The Nexus 10 is Google's first 10 inch tablet, and it's a winner. Made by Samsung, the tablet showcases Samsung's ability to make a very slim and appealing tablet with a blockbuster screen, minus the super-slippery gloss plastics found on Samsung brand tablets. The Nexus 10 has a 10.1" WQXFGA 2560 x 1600 PLS display that's incredibly sharp, bright and has balanced colors. It's every bit as good as the iPad with Retina Display when it comes to display quality. At 300 ppi, even tiny text is clear and easy to read and photos and videos look superb. Corning Gorilla Glass 2 and a bonded display make for a durable and good looking display.
This is the first Android product with the Exynos 5 Dual CPU, and it's fast. Yes, it's only a dual core vs. the quad core Exynos 4 found in the Samsung Galaxy Note 10.1, Samsung Galaxy SIII and Galaxy Note II, but it not only benchmarks as well, but it feels supremely fast. Android 4.2 Jelly Bean with Project Butter speed optimizations no doubt help, but it makes our Nexus 7 running the same OS feel a tad sluggish. The tablet has 2 gigs of RAM and your choice of 16 or 32 gigs of storage. The bad news? There's no microSD card slot and no USB host for external flash drives and hard drives.
While the Nexus 7 goes after the budget segment, the Nexus 10 isn't bargain-priced vs. competing Android tablets. The 16 gig is $399 and the 32 gig is $499. But you get top notch features for the price (other than the lack of external storage, which Google abhors). There's dual band WiFi with MIMO, Bluetooth,, NFC with dual side NFC, a GPS and micro HDMI out. The tablet has a sharp 1.9MP front camera and a decent 5MP rear camera with LED flash that can shoot 1080p video and still captures simultaneously. The Nexus 10 has haptic feedback, an ambient light sensor, digital compass, gyro and an ample 9,000 mAh battery.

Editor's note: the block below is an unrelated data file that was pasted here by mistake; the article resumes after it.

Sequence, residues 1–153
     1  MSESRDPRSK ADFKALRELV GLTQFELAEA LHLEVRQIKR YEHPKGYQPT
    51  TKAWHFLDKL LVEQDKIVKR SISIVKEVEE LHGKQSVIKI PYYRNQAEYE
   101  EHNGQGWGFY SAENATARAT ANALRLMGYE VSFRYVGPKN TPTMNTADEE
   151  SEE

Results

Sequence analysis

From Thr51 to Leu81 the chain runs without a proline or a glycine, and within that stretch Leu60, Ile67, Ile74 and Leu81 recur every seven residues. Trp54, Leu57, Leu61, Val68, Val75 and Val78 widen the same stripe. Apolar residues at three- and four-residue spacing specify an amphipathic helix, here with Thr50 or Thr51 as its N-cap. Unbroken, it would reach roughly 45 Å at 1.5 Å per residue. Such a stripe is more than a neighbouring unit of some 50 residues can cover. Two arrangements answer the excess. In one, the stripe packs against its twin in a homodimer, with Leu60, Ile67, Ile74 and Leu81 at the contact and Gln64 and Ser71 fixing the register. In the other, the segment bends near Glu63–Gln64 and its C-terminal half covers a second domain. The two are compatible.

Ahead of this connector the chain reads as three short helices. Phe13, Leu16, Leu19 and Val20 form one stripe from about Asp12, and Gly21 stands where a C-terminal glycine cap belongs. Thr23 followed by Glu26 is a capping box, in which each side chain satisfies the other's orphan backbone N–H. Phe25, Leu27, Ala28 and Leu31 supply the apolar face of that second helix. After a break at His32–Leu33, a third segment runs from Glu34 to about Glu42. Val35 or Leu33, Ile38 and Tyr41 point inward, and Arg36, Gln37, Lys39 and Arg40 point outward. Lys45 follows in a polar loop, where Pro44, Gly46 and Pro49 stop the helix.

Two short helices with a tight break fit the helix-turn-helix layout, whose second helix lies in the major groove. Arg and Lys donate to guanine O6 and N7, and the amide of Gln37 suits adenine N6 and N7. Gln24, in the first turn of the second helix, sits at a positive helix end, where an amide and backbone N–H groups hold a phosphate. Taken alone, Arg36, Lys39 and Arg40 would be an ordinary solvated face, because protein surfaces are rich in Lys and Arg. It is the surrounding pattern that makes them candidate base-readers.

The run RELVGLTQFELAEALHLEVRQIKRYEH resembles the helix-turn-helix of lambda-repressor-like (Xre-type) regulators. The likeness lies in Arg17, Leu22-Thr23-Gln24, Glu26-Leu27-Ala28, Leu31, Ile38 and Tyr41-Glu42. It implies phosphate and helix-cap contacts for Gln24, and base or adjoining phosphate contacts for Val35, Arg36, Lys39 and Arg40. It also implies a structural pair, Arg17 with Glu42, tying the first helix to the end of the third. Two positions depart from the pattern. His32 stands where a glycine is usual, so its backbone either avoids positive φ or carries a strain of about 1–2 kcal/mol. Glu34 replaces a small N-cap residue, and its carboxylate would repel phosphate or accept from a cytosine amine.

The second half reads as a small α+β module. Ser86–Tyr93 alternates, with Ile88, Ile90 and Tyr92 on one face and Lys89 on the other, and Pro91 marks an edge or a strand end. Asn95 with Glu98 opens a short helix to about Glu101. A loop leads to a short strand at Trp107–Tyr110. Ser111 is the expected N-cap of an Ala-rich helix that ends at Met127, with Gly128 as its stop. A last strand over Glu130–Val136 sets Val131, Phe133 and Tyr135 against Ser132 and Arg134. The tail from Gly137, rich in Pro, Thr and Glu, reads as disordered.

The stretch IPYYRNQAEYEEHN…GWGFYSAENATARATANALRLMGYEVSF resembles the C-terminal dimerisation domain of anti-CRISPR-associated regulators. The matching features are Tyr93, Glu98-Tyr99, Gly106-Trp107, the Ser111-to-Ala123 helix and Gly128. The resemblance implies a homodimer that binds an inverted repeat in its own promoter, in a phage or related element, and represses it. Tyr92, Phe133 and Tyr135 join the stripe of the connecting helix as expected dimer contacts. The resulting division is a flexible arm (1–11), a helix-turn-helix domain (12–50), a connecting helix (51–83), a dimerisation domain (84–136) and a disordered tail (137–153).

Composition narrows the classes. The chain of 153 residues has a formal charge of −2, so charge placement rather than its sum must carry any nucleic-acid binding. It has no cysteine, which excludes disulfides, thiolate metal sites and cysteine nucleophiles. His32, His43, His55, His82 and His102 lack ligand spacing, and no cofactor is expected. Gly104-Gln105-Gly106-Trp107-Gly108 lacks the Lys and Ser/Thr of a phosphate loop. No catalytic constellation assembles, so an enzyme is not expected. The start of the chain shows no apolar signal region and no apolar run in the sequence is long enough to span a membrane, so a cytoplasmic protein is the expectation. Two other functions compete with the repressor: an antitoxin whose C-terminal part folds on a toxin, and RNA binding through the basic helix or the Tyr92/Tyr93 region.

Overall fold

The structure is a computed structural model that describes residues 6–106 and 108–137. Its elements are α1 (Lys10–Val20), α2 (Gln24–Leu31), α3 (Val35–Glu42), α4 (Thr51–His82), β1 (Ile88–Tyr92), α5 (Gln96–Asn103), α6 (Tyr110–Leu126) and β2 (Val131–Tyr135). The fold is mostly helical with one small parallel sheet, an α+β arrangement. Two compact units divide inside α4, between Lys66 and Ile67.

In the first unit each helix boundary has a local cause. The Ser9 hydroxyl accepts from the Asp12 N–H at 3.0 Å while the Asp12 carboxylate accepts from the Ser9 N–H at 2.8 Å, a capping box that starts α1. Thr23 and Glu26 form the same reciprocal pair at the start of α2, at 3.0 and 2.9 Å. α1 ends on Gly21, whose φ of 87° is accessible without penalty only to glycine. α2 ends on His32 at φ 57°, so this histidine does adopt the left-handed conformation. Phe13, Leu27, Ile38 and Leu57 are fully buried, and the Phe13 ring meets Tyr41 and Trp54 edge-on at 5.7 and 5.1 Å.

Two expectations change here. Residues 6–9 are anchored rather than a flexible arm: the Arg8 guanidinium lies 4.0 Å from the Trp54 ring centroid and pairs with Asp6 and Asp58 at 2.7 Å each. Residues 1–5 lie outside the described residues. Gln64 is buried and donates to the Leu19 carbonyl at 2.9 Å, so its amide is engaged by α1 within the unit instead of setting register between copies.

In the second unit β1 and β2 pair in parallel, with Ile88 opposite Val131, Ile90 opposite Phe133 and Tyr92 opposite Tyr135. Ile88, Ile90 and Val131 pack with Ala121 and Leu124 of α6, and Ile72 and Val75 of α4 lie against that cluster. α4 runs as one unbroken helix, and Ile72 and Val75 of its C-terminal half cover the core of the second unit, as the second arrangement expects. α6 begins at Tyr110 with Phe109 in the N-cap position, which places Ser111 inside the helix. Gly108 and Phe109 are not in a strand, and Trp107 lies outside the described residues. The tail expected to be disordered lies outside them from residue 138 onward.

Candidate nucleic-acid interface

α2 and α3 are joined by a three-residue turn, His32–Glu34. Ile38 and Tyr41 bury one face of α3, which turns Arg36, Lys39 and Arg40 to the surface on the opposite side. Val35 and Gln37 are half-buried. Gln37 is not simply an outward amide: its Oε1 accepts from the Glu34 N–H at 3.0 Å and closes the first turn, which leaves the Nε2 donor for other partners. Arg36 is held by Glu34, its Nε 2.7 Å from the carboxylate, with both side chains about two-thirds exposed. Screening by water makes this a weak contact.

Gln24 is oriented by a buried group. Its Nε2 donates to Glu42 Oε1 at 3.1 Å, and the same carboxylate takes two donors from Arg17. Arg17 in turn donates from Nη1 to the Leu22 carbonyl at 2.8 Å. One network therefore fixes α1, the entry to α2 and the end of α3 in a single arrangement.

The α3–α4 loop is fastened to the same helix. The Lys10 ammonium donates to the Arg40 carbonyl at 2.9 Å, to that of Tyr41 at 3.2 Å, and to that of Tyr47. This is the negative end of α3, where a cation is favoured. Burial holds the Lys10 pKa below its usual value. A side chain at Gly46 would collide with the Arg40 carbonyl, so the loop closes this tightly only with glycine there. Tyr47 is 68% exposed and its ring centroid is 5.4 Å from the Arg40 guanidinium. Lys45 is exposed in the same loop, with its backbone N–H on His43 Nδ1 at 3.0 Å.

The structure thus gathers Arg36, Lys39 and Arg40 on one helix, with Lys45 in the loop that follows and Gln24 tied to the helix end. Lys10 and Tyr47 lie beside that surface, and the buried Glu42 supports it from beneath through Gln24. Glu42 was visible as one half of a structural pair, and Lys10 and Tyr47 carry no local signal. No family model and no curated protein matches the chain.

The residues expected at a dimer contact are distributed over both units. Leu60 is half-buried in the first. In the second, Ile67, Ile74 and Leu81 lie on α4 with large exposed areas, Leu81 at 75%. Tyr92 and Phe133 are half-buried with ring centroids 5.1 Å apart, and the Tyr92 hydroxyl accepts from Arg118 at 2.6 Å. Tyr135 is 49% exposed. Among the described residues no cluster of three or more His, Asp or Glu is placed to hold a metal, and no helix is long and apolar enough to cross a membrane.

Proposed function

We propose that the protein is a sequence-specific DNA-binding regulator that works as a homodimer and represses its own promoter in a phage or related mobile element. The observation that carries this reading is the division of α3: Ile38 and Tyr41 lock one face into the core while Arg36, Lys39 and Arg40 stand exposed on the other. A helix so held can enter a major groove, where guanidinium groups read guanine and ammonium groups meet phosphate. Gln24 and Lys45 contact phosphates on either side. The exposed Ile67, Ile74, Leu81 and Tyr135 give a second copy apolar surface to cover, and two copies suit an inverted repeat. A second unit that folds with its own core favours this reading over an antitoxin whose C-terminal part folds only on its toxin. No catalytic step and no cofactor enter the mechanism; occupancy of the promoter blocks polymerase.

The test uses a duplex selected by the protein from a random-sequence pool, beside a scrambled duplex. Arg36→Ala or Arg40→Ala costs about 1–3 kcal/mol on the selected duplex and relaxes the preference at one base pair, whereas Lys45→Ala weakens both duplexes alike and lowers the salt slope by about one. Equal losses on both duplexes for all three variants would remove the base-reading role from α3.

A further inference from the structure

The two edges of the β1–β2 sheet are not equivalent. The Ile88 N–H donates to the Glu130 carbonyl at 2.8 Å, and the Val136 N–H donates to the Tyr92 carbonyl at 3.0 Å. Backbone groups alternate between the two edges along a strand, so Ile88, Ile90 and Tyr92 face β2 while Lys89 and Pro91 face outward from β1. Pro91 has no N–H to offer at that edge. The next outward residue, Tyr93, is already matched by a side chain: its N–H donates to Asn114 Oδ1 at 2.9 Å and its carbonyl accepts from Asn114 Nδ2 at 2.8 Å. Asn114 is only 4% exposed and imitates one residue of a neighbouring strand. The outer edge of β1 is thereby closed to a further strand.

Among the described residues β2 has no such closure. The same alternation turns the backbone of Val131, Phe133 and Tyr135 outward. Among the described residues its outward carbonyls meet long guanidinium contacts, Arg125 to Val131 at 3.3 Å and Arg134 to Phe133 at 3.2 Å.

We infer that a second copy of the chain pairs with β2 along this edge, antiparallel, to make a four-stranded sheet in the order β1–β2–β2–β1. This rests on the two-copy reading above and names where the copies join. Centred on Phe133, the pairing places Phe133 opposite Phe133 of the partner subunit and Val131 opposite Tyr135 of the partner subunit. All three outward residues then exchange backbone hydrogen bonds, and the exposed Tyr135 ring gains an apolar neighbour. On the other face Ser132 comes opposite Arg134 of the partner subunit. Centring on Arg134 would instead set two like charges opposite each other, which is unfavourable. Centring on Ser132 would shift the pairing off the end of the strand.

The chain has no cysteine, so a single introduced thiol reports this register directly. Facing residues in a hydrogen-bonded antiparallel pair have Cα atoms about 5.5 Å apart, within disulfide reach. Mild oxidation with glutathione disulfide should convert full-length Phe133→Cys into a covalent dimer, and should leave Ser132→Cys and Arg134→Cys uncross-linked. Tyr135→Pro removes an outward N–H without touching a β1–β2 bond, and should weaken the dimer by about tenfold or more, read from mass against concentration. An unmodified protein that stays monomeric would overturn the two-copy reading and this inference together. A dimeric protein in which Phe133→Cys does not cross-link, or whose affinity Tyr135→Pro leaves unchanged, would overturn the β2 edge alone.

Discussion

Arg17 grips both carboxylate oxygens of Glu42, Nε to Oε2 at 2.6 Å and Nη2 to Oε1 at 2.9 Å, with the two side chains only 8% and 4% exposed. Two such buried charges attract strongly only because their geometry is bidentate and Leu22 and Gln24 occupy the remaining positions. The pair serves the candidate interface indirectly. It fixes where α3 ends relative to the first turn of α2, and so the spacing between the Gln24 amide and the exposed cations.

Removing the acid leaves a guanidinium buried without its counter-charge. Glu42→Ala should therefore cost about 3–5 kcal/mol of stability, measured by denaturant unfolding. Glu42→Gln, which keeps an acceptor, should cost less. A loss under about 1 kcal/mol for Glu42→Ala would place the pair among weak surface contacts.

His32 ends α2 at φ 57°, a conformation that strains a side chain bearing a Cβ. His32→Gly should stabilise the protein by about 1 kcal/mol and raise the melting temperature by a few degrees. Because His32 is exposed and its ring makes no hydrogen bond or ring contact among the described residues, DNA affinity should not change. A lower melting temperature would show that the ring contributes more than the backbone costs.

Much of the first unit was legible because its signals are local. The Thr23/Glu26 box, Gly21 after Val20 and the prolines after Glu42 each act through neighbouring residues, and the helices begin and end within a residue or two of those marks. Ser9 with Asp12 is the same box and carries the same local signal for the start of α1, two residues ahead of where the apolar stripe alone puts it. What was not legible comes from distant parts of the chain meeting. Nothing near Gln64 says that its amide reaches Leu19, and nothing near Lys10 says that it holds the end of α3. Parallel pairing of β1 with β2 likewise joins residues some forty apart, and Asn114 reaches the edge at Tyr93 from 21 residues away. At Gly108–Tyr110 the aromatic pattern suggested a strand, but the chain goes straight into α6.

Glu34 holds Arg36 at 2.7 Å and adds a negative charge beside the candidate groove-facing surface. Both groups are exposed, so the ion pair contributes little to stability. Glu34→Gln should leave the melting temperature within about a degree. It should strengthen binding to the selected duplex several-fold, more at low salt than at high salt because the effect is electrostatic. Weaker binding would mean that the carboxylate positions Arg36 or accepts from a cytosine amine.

Front an aesthetic standpoint we're conflicted. On the one hand the tablet feels solid and strong and we adore the rubbery soft touch finish on the back. It's thin at 0.35 inches and reasonably light at 1.39 pounds. But the rounded sizes look a little like a kid's tablet, the bezel is fairly large (though that does allow for plenty of space to grip the tablet) and it's neither pretty nor sexy. Well made with no flex and a good feel? Yes? A head-turner? Not so much.
Stability and speed have been top notch after a rocky start when installing apps in groups of 10 has the tablet crash twice. Since then it's been silky smooth and responsive and stable. The stock Chrome web browser is more prone to crashing than other apps, but so far it's been well behaved. Jelly Bean and Chrome support HTML5 video but not Adobe Flash Player. We did install the free Boat browser and side-load Flash Player from Adobe's website and had success with Flash and sites like Amazon Instant Video.
Since this is a Google reference device, you get vanilla Android with no manufacturer UI add ons like TouchWiz or HTC Sense. Advanced users and Android purists will love this, and the tablet is easy to root and loading custom ROMs is straightforward. Average non-techie consumers might feel a little lost since there's no extra software bundle to get you going with Office docs, alternative video players or third party utilities. You can download these from the Google Play Store, but newbies may have no idea what apps to look for.